A Canadian teacher recently uncovered a lost piece of music history — an interview he did with famed Nirvana frontman Kurt Cobain just months before the then-obscure band released their seminal album, Nevermind.
Roberto LoRusso, 48, a physics teacher in London, Ont., told The Daily Mail that he recently uncovered the 27-year-old interview he conducted when he worked as a DJ at his university’s radio station in 1991 — the same year Nirvana released their major label classic Nevermind and helped bring grunge music to the forefront of popular music.
“It was before Nevermind was released, so they were a big deal to us in our little niche music scene, but in the greater market nobody knew much of them at that point. My intention at the time was to simply get a phone interview,” LoRusso told The Daily Mail. “I harassed the record label reps on a weekly basis. I think I called four or five times. Finally on the last call, the rep said I’ve been awarded one of the few independent media interviews. I thought it was just going to be a phone interview, so I asked what time Kurt would be calling the show. She said actually I’d be going to Toronto to interview them in person. Of course I was like, ‘Wow, that’s even better, that’s great.’”
LoRusso also noted that the interview was an “’amazing experience’ but a ‘train wreck of an interview’” given he wasn’t adequately prepared but that Cobain remained “remarkably gracious and patient.”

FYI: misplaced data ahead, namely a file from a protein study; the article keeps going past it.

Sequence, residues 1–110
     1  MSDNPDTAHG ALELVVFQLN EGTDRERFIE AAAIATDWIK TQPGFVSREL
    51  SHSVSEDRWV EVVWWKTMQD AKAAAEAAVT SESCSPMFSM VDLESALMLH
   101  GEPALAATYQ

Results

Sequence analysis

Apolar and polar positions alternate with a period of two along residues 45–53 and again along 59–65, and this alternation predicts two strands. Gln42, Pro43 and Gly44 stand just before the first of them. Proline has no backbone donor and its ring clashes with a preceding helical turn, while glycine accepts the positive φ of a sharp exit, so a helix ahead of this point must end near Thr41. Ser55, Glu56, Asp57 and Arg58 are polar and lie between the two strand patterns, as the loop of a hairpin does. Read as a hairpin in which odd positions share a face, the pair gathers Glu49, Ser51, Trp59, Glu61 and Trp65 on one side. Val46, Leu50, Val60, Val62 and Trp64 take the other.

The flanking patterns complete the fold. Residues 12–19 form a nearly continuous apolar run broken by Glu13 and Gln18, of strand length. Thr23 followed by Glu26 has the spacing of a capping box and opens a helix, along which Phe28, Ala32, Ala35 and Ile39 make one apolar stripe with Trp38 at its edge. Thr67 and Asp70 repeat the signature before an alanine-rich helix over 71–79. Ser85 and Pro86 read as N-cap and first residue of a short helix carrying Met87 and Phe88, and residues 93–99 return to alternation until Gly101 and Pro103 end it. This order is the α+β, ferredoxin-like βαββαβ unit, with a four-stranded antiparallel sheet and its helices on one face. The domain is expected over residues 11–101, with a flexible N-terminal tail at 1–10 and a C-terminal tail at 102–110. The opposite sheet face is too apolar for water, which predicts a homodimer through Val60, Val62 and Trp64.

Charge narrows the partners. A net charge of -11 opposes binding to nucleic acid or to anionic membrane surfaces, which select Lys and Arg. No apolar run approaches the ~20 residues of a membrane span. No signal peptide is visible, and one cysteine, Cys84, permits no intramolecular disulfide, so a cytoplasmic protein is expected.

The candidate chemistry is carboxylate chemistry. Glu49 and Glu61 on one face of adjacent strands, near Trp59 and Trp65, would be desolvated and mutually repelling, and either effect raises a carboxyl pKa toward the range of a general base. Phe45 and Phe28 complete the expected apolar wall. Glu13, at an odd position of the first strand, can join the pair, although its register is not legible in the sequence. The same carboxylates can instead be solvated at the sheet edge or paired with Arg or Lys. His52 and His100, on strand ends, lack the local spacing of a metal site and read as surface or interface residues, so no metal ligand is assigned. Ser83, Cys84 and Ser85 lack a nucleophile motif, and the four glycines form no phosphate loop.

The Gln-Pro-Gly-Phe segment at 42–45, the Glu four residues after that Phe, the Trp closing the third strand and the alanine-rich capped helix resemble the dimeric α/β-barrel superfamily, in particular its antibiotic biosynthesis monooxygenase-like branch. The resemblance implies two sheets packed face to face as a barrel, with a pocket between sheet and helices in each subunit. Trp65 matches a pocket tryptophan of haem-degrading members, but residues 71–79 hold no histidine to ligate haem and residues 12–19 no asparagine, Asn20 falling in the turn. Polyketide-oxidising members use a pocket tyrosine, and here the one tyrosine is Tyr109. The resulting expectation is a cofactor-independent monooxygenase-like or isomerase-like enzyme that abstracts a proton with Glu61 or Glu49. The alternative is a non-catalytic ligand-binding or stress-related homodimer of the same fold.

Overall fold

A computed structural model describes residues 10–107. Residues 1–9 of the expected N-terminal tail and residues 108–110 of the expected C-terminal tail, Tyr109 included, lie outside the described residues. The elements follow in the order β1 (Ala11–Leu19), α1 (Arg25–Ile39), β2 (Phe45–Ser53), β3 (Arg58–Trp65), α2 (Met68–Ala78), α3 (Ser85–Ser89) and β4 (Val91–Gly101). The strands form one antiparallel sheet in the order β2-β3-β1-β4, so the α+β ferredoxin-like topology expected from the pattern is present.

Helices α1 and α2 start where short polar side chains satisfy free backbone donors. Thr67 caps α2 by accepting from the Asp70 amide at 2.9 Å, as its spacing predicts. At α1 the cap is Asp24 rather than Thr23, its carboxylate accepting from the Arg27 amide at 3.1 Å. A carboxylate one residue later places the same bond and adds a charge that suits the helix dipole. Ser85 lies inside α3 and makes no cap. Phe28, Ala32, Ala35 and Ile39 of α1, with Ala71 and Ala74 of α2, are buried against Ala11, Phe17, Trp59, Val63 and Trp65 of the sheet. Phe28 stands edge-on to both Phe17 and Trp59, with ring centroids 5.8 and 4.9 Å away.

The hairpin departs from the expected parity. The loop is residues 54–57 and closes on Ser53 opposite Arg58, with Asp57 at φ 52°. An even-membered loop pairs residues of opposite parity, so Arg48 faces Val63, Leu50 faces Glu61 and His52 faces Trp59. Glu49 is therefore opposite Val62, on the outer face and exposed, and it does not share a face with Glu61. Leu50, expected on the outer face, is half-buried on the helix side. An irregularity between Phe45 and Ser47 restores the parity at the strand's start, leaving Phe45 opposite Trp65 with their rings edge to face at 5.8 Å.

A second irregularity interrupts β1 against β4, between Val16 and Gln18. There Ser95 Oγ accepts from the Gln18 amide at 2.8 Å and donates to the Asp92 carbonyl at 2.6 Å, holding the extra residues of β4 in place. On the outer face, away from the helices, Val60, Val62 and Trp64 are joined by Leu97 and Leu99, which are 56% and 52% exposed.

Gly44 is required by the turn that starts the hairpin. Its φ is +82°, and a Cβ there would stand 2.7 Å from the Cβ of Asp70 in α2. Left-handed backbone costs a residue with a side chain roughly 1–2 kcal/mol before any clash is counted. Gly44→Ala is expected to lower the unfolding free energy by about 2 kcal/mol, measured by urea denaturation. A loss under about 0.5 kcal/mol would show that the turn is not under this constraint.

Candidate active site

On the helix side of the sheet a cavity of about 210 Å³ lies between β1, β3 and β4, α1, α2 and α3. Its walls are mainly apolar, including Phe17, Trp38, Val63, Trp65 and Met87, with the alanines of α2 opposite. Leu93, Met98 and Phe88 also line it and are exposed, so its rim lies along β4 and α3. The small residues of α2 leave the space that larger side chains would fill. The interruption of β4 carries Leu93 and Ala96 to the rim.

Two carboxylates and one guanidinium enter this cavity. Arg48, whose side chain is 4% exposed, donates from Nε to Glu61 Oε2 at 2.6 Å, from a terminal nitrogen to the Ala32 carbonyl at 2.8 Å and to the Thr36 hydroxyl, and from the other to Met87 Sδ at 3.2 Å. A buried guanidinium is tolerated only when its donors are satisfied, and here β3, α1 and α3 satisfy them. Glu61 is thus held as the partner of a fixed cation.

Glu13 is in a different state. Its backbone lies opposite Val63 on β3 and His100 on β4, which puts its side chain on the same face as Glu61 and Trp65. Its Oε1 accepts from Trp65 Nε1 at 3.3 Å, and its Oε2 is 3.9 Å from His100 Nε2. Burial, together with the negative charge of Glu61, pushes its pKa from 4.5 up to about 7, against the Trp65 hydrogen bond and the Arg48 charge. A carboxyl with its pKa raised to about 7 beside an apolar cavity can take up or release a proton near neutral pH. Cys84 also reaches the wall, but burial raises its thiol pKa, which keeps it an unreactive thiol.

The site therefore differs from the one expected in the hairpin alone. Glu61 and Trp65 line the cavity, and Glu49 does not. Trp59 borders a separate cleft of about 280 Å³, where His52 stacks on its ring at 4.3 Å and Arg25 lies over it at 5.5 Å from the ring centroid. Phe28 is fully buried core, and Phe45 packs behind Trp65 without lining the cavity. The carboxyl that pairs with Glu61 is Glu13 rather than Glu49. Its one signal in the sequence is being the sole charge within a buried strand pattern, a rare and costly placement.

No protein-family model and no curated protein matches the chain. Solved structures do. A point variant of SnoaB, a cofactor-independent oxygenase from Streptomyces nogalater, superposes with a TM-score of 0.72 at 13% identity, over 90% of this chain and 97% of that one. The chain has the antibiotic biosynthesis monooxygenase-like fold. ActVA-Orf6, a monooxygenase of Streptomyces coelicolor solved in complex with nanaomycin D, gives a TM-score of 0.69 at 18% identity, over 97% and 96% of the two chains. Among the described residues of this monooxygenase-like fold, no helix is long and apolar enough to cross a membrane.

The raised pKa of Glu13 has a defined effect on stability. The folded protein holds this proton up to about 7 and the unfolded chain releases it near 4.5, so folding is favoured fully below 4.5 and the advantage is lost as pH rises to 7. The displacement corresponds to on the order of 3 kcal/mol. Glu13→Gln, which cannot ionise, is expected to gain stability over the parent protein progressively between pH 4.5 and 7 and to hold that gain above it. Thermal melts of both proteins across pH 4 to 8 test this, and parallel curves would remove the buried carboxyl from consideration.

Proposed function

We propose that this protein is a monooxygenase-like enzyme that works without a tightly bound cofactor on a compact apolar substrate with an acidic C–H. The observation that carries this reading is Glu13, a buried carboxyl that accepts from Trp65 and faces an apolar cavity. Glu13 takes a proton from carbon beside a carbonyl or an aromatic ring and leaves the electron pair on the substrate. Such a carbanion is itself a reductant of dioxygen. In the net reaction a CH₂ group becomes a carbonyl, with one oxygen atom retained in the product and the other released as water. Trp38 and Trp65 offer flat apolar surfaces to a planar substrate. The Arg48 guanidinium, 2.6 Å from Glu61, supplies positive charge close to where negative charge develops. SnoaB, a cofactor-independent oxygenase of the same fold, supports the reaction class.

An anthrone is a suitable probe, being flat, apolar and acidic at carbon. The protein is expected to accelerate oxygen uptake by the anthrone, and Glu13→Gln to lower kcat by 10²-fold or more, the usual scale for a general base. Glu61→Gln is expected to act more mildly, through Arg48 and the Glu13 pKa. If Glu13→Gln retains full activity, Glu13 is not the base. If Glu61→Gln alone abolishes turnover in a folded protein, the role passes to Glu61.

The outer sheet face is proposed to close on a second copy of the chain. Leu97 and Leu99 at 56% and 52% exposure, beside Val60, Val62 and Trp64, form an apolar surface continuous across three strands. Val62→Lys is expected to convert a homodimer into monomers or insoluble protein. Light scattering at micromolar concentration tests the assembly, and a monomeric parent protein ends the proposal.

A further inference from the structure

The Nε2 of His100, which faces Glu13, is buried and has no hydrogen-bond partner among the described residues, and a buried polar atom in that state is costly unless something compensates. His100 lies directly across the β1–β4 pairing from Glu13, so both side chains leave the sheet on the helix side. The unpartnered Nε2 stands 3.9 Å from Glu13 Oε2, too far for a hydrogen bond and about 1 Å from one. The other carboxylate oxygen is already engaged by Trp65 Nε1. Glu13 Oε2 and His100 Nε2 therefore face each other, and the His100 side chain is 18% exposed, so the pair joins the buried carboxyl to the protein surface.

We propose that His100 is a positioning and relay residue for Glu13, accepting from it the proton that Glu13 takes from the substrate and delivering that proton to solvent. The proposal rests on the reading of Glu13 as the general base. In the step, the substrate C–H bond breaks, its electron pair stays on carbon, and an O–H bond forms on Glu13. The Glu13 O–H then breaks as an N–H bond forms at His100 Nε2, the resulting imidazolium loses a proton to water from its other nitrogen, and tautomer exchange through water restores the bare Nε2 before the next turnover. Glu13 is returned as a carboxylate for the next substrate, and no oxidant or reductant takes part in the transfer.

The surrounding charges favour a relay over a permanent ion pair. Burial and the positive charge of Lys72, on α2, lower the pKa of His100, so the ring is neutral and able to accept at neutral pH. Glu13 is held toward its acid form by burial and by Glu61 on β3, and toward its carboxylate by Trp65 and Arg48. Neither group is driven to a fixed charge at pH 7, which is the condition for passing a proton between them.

After the interview aired on the radio station, LoRusso took the cassette and packed it away, discovering it again only recently. He said his friends urged him to publish it online, which he did, and in it the late singer reveals that his band’s $175,000 contract with major label Geffen Records wasn’t as great as it seemed and that, at the time, he had nowhere of his own to live.
“$175,000, 33 per cent tax bracket, 15 per cent to our lawyer, 10 per cent to our manager, $70,000 to Sub Pop, left us with about $20,000 to buy equipment,” Cobain says in the interview. “I don’t have a place to live at the moment. We’ve been on tour and we’ve been recording for so long, I got evicted from my apartment about three months ago. Every time we come back we only have a few days at home, so I usually just go to my mother’s. I haven’t found a place to live yet.”
And only three years after that interview, LoRusso heard a radio report about Cobain’s suicide while driving home from teacher’s college in Montreal.
Looking back, LoRusso tells the Daily Mail that during their interview Cobain, “almost couldn’t care less, or was so distracted by something else that he didn’t really seem to be enjoying himself. At the time I dismissed that thought. I’d just met the guy. But it was something that stuck with me. When he took his own life, it really made sense. It made me realize success doesn’t mean anything if your world is chaos in your own mind. It’s heartbreaking. He was a fantastic artist.”